I wrote the below post on 10th Sep 2011 for my now defunct personal blog post.
During the last week of June’10, was called by my location director that we have won an ERP Advisory project in the power sector. Since this is going to be my first project on ‘Advisory’ role, was very excited and tensed. Till then all my consulting experiences have been specific to product implementation and related services. My last advisory work was in ’98 and that too in process re-engineering. Now you can understand my excitement and tension.
Here I’m meeting a customer without knowing any details, except their name and location. Abruptly my director pointed at me and mentioned that Rajesh is going to be the Project Manager. As soon as she said this; I felt like 1000 butterflies in my tummy… forget the answers, was not even sure about clients business. Gave a smile and immediately kept my head down, for the fear of taking questions. There were arguments between my director and client team. Thought this is going to be a nasty engagement. And my director has already prepared a scapegoat.
Initial days were cat and mouse between me and the customer. Was trying to avoid as much as possible… but how long this can happen. The D-Day came. Customer called for a status meeting.
During these initial days of cat and mouse, studied the RFP proposal and made notes, the reply from all the vendors were also studied. I need to fight my way out. It’s not going to be easy. So my usual target of finding fault with the RFP was done. Submit it for clarification from the client. Having kept the client busy for a few days, was busy preparing the ‘Finding fault with bid response’ document. This was not an easy task.
I was lost, is an understatement. Didn’t know where to start? Went through the bid responses, needless to say – zero understanding. Once again went through the bid responses…few things made sense. Remember, it made sense, not that I have understood. Third time when the reading started, I also started documenting the key points. In such a state, started preparing bid evaluation criteria based on the ‘gut feeling’. Prepared evaluation criteria for ‘Pre-Qualification’, documented the findings and presented it to my location director. Director gave me the green signal to proceed in the same direction
Meanwhile, the company appointed a senior person to help in the evaluation, a seasoned campaigner and a complete professional”. Client meanwhile started sending emails and calls to seniors, and as usual, the heat was on us. We found four similar layout designs provided by the system integrators, we discussed this with the customer. Stating it has to be cleared by them before proceeding with the evaluation. This got us some more time. The award of contract points out that the financial bid would be opened for those fulfilling the pre-bid qualification and are found to be having the technical capabilities. Hence we were evaluating the bidders on the technical capabilities covering the floor designs/layouts, single line diagram, cooling systems, power load calculation etc.., During this technical evaluation of individual bids, we found many discrepancies in the original bid document and the corrigendum’s issued thereafter. These were bought to the attention of the customer.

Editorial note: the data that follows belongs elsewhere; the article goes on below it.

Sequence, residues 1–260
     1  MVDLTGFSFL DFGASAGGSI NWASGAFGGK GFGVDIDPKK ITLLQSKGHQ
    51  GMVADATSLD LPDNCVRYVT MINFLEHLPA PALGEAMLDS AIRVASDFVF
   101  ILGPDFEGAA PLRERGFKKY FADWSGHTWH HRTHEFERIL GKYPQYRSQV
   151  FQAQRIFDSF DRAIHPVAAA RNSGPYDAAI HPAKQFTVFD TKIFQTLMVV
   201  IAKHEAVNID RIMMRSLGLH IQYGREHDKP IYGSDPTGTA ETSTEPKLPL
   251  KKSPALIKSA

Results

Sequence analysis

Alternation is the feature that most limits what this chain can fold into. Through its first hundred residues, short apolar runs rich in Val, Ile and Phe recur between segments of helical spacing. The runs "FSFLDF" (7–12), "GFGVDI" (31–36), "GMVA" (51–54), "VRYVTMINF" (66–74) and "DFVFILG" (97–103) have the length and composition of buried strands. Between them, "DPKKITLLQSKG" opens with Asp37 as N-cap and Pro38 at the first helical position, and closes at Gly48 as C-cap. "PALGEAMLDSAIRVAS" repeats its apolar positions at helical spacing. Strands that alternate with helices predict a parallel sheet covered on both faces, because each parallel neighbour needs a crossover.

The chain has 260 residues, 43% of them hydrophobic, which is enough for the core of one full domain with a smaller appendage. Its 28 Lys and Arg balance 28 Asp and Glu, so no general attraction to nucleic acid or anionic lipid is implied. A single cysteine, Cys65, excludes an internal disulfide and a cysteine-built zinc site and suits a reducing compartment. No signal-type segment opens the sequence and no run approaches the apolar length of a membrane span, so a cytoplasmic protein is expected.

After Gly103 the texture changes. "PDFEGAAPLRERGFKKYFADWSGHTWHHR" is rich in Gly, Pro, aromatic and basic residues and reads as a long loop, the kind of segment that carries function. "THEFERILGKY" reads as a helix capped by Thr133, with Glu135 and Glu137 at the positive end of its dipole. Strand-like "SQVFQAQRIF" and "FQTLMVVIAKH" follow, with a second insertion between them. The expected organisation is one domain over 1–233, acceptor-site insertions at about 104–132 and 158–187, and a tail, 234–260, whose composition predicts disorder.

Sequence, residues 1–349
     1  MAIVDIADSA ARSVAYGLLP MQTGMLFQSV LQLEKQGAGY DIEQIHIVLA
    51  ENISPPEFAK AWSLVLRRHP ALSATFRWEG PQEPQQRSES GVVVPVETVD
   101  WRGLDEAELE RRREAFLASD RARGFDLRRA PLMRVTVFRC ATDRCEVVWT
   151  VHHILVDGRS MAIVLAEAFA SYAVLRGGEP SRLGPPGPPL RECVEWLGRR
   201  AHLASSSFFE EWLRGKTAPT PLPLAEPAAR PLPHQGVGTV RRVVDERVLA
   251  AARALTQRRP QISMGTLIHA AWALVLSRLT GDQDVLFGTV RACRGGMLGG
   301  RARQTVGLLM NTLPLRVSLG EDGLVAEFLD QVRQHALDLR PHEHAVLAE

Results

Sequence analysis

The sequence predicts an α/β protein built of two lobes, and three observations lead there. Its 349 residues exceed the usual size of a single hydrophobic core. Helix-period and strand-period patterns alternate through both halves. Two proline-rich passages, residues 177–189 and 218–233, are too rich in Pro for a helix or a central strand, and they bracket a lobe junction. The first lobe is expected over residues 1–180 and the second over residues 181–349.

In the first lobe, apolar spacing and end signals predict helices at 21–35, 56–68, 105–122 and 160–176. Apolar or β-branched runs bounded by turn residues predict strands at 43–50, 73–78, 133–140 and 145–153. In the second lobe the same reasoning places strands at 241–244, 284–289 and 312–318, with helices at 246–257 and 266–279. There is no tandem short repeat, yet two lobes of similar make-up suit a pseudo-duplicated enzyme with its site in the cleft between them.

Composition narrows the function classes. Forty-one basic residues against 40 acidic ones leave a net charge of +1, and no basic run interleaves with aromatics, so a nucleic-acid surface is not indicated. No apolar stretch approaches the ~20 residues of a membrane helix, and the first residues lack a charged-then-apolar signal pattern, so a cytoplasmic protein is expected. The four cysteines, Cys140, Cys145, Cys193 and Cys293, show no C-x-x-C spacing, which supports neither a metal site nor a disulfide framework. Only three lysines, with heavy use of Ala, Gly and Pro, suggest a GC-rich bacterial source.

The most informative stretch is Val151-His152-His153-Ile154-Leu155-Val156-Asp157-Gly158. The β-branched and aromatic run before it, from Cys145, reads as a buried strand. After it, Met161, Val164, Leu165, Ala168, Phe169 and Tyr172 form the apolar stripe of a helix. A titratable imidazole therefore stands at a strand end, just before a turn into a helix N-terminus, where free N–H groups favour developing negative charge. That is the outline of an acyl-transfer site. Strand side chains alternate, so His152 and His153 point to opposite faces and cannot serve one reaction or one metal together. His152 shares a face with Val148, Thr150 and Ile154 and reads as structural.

By this time, the customer had confidence in us; he gave full credit for the work that was being carried out. We started a clarification session with bidders who had identical designs. The work done by them is similar to the kids copying in the exams. They were given two choices, (a) One of them has to accept that the bid has been copied and wants to withdraw from the bidding process, else (b) Get a confirmation from the OEM that the designs provided by them are original. This action was necessitated because they insisted that there are no qualification criteria mentioned in the bid, that the designs have to be original and hence they take full responsibility for its implementation. Meanwhile, the client issued an office note and got clearance from the top management for the identical designs. This was a wise move because the bidding department did not want to take the risk of being singled out, in case any problem is raised in the future.